With FDA citing inadequate change control constantly in its 483s and Warning Letters, the prerequisite to ensure that changes are accurately described, justified, assessed for risk, implemented, and documented has come to the fore. Changes must also be prospectively reviewed by appropriate subject matter experts. Furthermore, certain major changes (e.g. manufacturing, specifications) may require regulatory filings and/or prior regulatory approval.
This seminar will guide all personnel involved in proposing, assessing, and implementing changes to understand and successfully apply the fundamental change control steps and best practices. The key focus will remain on:
The seminar will focus on changes to equipment, facilities, materials/components, test methods, suppliers, specifications, etc. Document change control will be discussed as a supporting element. Additionally, this practical, how-to course will illustrate and impart:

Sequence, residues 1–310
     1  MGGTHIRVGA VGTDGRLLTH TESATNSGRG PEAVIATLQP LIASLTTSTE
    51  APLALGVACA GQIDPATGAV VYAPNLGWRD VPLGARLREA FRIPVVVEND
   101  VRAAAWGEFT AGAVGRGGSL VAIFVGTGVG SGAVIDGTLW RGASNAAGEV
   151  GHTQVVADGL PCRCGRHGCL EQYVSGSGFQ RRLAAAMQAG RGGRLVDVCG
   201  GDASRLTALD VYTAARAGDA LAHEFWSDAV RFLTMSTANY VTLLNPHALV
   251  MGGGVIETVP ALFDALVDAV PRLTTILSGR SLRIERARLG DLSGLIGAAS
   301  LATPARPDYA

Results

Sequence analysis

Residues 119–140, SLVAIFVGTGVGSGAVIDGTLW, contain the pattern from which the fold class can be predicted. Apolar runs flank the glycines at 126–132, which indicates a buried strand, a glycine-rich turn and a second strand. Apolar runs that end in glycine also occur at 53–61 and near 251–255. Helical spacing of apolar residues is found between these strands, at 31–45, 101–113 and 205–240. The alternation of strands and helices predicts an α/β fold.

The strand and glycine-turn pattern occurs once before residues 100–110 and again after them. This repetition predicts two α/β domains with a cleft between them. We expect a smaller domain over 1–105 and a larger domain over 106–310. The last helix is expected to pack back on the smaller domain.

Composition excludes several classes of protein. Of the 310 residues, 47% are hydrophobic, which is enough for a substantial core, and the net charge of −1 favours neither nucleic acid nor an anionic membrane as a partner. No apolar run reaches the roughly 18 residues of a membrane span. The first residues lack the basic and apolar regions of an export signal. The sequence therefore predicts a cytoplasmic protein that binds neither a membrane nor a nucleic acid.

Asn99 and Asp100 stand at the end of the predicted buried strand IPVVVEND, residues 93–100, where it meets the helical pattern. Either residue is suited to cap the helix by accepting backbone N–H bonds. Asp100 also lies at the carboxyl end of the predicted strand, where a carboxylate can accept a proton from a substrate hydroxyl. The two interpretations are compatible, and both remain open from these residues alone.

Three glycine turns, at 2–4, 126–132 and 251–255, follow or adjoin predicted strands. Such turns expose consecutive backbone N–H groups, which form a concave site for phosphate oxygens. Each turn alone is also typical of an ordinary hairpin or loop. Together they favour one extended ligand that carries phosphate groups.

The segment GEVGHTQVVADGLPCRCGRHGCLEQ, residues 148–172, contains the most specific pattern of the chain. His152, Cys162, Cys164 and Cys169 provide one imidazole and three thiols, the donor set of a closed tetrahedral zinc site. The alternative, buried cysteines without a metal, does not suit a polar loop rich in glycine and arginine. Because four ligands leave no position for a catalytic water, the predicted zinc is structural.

On completing this course on FDA compliance, participants will be able to:
This course is designed from a pharmaceutical manufacturing perspective; however, since the main focus is on techniques and practices, the course material may be equally applied to biologics and medical device environments. It will benefit:
One of the top 10 FDA 483 and Warning Letter citations is for inadequate change control. Change control receives detailed scrutiny during FDA inspections, and FDA reviews change control documentation to determine that changes do not adversely impact products, processes, equipment, facilities, etc. Any individually inadequate change may lead to significant negative events, including release of sub-standard product or product recall. A pattern of inadequate changes may require costly and time-consuming system remediation efforts.
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